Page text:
First, let me offer this disclaimer: Nothing in this article should be taken as medical advice. I am a doula – not a nurse or doctor. While I have studied pregnancy and birth extensively and provide evidence-based information only, I speak in generalizations and from anecdotal experience.
Each pregnancy, labor and delivery is different, and there are exceptions to every rule. If you have questions about your specific situation, I’m happy to point you toward birth resources, but I strongly suggest that you consult with your own health provider.
Phew! Got that out of the way! Now on to the good stuff ...
Undeniably, women have been giving birth since the beginning of humankind. It is only in the last 150-ish years that birth has been considered something that requires medical intervention.
For generations upon generations, birth was simply a fact of life — a biological process and a nearly inevitable rite of passage. Pregnancy was natural, and generally not interfered with.
That’s not to say this was always the best thing for women and infants. Women frequently died in childbirth for a variety of reasons, ranging from poor prior health to medical professionals who didn’t wash their hands.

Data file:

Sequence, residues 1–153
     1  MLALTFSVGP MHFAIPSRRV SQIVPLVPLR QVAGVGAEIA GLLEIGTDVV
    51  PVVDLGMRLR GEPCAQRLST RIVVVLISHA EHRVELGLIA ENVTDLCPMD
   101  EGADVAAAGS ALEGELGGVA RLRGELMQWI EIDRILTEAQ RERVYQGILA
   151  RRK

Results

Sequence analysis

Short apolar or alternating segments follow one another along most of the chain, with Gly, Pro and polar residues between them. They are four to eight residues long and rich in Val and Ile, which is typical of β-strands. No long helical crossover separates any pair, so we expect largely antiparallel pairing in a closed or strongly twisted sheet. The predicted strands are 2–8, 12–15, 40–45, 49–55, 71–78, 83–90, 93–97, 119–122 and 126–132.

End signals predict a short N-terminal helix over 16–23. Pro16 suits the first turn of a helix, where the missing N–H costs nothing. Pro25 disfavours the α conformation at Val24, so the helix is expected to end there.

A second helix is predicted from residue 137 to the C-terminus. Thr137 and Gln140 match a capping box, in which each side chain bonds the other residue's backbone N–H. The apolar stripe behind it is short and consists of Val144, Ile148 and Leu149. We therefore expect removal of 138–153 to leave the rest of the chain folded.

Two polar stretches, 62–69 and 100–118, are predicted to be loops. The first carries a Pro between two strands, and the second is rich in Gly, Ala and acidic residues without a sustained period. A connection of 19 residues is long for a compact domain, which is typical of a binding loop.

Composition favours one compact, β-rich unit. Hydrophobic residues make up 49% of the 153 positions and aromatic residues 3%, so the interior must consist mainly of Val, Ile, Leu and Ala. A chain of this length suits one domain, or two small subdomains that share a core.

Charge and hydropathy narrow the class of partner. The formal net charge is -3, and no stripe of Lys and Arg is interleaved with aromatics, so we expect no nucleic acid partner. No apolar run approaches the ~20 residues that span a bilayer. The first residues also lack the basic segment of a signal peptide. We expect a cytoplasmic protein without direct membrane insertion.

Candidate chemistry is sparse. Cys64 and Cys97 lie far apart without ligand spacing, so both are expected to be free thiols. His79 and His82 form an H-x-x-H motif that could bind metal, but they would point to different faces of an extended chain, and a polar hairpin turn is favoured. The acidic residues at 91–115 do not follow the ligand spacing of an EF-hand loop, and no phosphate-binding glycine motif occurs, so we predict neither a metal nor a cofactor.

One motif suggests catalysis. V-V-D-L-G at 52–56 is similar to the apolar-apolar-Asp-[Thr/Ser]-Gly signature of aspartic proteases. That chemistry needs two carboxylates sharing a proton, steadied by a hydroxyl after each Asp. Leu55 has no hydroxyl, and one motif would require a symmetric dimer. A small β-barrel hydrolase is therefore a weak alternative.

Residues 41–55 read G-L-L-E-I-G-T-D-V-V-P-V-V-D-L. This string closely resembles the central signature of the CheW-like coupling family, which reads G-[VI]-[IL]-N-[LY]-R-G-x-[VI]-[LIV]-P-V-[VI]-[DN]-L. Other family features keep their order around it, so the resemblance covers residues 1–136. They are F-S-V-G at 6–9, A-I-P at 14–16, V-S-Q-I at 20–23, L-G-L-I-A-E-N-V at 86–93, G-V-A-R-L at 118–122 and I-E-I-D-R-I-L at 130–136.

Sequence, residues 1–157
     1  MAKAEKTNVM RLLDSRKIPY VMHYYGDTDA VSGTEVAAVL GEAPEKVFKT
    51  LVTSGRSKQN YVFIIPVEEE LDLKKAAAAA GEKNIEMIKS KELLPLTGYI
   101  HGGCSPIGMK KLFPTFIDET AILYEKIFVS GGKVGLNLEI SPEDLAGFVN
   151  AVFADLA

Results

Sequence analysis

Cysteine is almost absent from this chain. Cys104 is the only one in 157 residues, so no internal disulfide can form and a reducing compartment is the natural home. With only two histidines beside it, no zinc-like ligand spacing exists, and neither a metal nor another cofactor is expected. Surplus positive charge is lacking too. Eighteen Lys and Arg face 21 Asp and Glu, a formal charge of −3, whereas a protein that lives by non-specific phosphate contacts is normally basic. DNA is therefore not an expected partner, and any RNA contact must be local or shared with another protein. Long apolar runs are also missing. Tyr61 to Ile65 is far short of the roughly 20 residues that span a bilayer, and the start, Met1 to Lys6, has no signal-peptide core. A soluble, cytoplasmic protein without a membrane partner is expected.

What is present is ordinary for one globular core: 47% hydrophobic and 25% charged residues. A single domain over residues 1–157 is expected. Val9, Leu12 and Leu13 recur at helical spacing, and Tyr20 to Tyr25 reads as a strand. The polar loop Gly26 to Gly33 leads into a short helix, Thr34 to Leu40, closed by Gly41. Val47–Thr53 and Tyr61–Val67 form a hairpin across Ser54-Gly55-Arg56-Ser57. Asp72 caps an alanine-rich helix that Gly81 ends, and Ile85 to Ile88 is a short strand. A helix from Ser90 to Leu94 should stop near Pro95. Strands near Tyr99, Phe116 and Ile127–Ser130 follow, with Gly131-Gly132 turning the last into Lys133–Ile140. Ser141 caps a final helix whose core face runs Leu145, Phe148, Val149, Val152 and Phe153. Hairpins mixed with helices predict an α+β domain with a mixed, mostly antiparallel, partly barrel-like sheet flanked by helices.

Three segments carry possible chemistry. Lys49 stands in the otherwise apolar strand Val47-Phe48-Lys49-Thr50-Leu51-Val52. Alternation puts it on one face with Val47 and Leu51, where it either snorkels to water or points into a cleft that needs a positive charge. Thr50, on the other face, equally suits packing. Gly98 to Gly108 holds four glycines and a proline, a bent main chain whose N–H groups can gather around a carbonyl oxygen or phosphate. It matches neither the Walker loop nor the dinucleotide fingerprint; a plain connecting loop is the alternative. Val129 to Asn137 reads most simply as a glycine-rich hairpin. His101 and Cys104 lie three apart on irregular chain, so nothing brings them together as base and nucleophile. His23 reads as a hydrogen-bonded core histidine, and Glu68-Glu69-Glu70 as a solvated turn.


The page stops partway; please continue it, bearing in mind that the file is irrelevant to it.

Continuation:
Modern medicine has incredible benefits, and has saved the lives of many who experience high-risk or complicated births. Still, the U.S. maternal mortality rate is absurdly high compared to other developed nations, and not because of out-of-the ordinary situations or rare conditions.
The American College of Obstetricians and Gynecologists has put out several statements warning about the risk of elective or unnecessary cesarean sections and other medical interventions.
ACOG states that "although cesarean delivery can be life-saving for the fetus, the mother, or both in certain cases [...] it is important for health care providers to understand the short-term and long-term tradeoffs between cesarean and vaginal delivery, as well as the safe and appropriate opportunities to prevent overuse of cesarean delivery".